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J.F. Kelly, Jr. - Contributor

J.F. Kelly, Jr. is a retired Navy Captain and bank executive who writes on current events and military subjects. He is a resident of Coronado, California. [go to Kelly index]

Nets v. Bush
Don’t Believe Everything You See on TV...

[J. F. Kelly, Jr.] 9/30/04

CBS and its news anchor, Dan Rather, were obviously trying to ride out the storm over Rather’s use of bogus documents in a transparent effort to discredit George W. Bush by raising issues regarding his National Guard service on the widely watched “60 Minutes.” The television viewing public should not permit CBS to get off so easily. They should demand more than the terse apologies that the network and Mr. Rather reluctantly offered after some initial stonewalling.

Millions of Americans take whatever they see and hear on the network news telecasts as gospel. The big three news anchors have celebrity status and are among the most popular figures in America. At the same time, newspaper and news magazine readership is declining as a percentage of the population. Blame it on declining reading skills, increasing time demands on households or the easy convenience of TV; whatever the reason, greater numbers of Americans are turning to the TV networks for their news

Far less mental effort is involved in watching the news than in reading it. In newspapers and news magazines, you can pick and choose from many pages and columns. With TV, you take what the producers and editors choose to present in a tightly constrained time frame. Busy parents, after a day’s work can absorb some of the key stories while performing other tasks in the kitchen or pretending to listen to the kids. The problem is that they get only the highlights that the producers want them to get in a half hour news “show”, much of which is devoted to commercials. The viewer is exposed to as much product information as news.

Television treatment of national and international news is superficial at best. Newspapers and news magazines can devote pages or an entire section to a story. The TV networks can devote only a few moments to it, sandwiched between commercials for products promising relief from erectile disfunction, headache, clogged arteries and arthritis. Choice of images and sound bites is critical to setting the overall tone and thrust of a particular story. They can and do influence the viewers’ perception of a particular candidate, issue or the war. For millions of Americans, this is their only news source.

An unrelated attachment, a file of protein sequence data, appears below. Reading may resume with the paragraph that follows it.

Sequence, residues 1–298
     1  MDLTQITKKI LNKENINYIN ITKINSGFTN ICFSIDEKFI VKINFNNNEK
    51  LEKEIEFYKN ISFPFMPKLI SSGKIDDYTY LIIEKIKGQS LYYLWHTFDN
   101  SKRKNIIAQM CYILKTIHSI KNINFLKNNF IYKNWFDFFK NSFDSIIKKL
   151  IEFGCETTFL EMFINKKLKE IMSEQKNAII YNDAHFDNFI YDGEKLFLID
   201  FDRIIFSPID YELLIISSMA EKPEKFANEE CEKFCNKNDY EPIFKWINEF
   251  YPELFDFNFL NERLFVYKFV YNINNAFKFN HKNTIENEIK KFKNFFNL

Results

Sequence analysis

To counteract criticism that TV news coverage is shallow, there are the so-called TV news magazines like “60 Minutes” and “20/20” where “in-depth” coverage is attempted. The producers and editors select the stories and source material, of course. Much of the viewing public believes that the investigative reporting they are watching is fearlessly objective and that the chips are allowed to fall where they may. If you believe that is the case, then you will surely believe me when I tell you that I am really Elvis Presley.

Consider these facts. At the height of a hotly-contested presidential campaign, CBS’s “60 Minutes” ran a story which reflected adversely upon President Bush’s National Guard service over 35 years ago, a subject that had previously been raised by Bush’s critics in the last election in an unsuccessful attempt to discredit him. CBS based its story on documents, later discredited, obtained from a single source widely known to be a Bush critic. The source later admitted that he had misled CBS.

The remarkable thing here is not that CBS was duped. Rather (no pun intended) it is that CBS relied on a single source whose objectivity was clearly suspect because of his previous criticisms of the president and then failed to authenticate the documents or verify the facts. The network and Rather then stood by the story until the ensuing backlash forced an admission and grudging apology. Can anyone truly believe that there was any other motive here but to influence an election campaign?

Major network news shows like “60 Minutes” feign objectivity but are anything but that. The major TV networks are not alone in their liberal leanings, of course. A1996 Roper survey of 139 Washington correspondents revealed that 61% acknowledged being liberal or liberal-to-moderate while less than one-tenth described themselves as republican or moderate-to-republican. However, the liberal bias in the major TV networks is far more pervasive and effective than that in the print media, since the latter is more often balanced with opposing viewpoints.

Watch the evening news on the major TV networks and you will see the news filtered through the biases of the producers and editors. You will also see an abundance of images from Iraq suggesting that things there are going very badly for us there but you will rarely see footage on the progress being made in the two-thirds of the country that is relatively peaceful. If these news “shows” comprise your sole source of national and international news, then you are truly missing a lot. CRO

copyright 2004 J. F. Kelly, Jr.



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